Greece Will Move 3,000 Refugees, Migrants, from Islands to Mainland

FILE - In this Friday, May 4, 2018 file photo migrants and refugees wait outside the European Asylum Support Service offices inside the camp of Moria on the northeastern Aegean island of Lesbos, Greece. The jammed Moria camp on the Greek island of Lesbos and the dangerous migrant detention centers in Libya serve as a sober reminder to European leaders that their statistical success in curbing migration into the continent has spawned what the U.N. and others condemn as massive humanitarian failures. Deeply divided over how and where to control Europe’s borders, leaders are meeting Wednesday, Sept. 19, 2018 in a summit in Austria. (AP Photo/Petros Giannakouris, File)

After bitter criticism from 20 activist and human rights groups and NGO’s about inhuman conditions at a refugee and migrant detention center on Lesbos, Greek officials said some 3,000 will be moved off islands to mainland camps.

There are more than 15,000 on the islands, sent there by human traffickers that Turkey lets operate during a suspended swap deal with the European Union, which closed its borders to them and reneged on promises to help take some of the overload of more than 64,000, including on the mainland.

Some 217 were transferred to the mainland on Sept. 21 as efforts to reduce the overcrowding at the shelter got under way, said Kathimerini. That was in a bid to alleviate tension that has led to frequent riots between ethnic groups and with riot police over frustration in delays of two years and more in processing asylum applications.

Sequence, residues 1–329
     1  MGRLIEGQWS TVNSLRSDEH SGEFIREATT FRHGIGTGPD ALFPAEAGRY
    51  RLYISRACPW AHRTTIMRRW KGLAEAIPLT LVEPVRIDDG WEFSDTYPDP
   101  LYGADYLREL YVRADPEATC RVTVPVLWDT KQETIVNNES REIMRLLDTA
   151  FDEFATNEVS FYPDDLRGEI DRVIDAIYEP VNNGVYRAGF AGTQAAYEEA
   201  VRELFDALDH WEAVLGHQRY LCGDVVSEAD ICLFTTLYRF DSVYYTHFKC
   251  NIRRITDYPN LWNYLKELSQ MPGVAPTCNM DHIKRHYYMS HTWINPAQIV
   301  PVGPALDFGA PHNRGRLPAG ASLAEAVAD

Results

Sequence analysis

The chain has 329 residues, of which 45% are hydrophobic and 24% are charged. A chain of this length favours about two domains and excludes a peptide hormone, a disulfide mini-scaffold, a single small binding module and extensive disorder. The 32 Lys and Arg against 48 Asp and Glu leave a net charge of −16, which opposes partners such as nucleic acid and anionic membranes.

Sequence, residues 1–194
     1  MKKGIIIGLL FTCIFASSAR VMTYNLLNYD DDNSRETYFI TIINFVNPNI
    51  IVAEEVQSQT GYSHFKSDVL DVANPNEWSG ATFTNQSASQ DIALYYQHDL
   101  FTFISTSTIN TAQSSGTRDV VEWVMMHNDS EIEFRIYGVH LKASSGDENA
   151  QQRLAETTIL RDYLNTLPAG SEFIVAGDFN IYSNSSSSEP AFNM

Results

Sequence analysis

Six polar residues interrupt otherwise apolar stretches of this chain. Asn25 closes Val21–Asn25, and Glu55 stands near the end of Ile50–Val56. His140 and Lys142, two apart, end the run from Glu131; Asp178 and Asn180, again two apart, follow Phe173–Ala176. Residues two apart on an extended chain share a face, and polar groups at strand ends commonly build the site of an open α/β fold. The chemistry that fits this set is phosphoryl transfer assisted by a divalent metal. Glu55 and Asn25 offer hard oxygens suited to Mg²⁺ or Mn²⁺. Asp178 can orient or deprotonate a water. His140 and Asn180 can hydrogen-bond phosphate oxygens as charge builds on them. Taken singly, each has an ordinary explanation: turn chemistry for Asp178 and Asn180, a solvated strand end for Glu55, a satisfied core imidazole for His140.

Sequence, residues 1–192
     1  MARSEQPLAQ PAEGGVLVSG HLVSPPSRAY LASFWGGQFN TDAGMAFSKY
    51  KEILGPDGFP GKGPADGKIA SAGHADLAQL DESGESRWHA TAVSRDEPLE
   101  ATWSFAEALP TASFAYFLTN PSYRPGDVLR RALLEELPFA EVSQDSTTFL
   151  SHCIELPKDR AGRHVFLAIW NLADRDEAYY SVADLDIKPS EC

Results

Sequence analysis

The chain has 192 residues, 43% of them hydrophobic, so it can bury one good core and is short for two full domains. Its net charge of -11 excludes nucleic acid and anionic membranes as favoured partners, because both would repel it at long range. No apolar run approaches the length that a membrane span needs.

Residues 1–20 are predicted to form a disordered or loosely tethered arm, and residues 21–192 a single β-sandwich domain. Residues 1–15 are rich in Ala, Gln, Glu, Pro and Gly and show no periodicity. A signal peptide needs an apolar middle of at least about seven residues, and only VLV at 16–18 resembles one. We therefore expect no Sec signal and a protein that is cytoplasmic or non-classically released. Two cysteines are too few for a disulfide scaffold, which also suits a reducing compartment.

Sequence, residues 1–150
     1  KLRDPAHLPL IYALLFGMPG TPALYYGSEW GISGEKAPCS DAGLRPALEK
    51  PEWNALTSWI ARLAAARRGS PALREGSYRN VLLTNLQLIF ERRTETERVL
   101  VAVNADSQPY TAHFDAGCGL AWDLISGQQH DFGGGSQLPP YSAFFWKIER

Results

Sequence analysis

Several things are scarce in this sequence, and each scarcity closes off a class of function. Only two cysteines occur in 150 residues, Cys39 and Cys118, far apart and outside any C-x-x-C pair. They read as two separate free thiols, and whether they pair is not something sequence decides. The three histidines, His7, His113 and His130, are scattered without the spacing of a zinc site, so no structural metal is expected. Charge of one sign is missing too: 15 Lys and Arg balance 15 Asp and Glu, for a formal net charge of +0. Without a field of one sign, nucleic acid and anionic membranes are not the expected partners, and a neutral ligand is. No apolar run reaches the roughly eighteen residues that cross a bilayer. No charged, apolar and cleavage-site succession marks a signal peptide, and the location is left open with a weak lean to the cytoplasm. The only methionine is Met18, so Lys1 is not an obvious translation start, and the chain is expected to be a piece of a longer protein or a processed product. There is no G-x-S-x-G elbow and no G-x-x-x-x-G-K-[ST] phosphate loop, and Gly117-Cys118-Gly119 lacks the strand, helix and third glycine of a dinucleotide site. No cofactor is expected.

Those moved from islands are first being sent to reopened centers near Volvi and Nea Kavala in northern Greece as well as other mainland camps and some to hotels in the northern town of Grevena.
Estimates put the number of people crammed into the Lesbos Moria facility, which was built to accommodate some 3,000 people, at around 9,000 and that even food is becoming scarce at times with people queuing up to three hours a day for meals.

The Regional Authority of the Northern Aegean hit slapped Greece’s Migration Ministry with fines worth 100,000 euros ($117,690) over conditions at two island migrant and refugee camps and failure to have adequate sanitation and sewerage systems at the camps.